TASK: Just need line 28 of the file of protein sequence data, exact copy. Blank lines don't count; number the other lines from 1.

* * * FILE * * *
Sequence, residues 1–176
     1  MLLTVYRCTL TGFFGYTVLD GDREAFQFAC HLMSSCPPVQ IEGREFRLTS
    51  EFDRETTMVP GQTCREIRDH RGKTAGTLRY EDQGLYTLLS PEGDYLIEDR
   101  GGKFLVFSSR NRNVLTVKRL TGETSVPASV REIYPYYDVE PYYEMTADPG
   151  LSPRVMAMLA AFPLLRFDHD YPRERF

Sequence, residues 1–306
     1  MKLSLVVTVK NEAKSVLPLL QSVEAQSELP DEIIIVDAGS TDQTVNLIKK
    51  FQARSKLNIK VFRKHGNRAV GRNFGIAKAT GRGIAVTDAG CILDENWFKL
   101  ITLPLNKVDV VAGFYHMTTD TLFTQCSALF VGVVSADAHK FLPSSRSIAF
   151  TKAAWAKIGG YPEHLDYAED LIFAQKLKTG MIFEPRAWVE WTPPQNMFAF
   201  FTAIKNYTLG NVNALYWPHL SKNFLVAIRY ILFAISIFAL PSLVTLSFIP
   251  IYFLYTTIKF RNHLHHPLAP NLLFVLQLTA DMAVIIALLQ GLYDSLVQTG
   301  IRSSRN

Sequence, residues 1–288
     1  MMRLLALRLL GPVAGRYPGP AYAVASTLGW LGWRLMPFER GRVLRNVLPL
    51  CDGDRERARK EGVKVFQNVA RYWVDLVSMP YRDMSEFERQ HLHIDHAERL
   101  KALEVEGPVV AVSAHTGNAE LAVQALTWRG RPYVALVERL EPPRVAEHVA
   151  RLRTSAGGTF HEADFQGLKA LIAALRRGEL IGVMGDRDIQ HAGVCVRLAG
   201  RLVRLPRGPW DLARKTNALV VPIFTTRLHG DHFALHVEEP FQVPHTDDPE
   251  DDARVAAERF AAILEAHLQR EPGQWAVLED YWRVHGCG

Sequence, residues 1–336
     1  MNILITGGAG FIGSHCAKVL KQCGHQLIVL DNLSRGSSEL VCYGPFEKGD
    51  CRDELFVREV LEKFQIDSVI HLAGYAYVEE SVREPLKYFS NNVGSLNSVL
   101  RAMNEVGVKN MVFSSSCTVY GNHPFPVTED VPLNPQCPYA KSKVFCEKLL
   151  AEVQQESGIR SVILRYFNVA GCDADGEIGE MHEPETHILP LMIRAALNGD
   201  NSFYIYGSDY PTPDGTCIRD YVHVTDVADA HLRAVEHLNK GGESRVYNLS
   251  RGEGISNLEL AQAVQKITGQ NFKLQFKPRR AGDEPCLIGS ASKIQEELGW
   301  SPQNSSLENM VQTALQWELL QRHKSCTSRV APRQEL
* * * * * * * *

   301  SPQNSSLENM VQTALQWELL QRHKSCTSRV APRQEL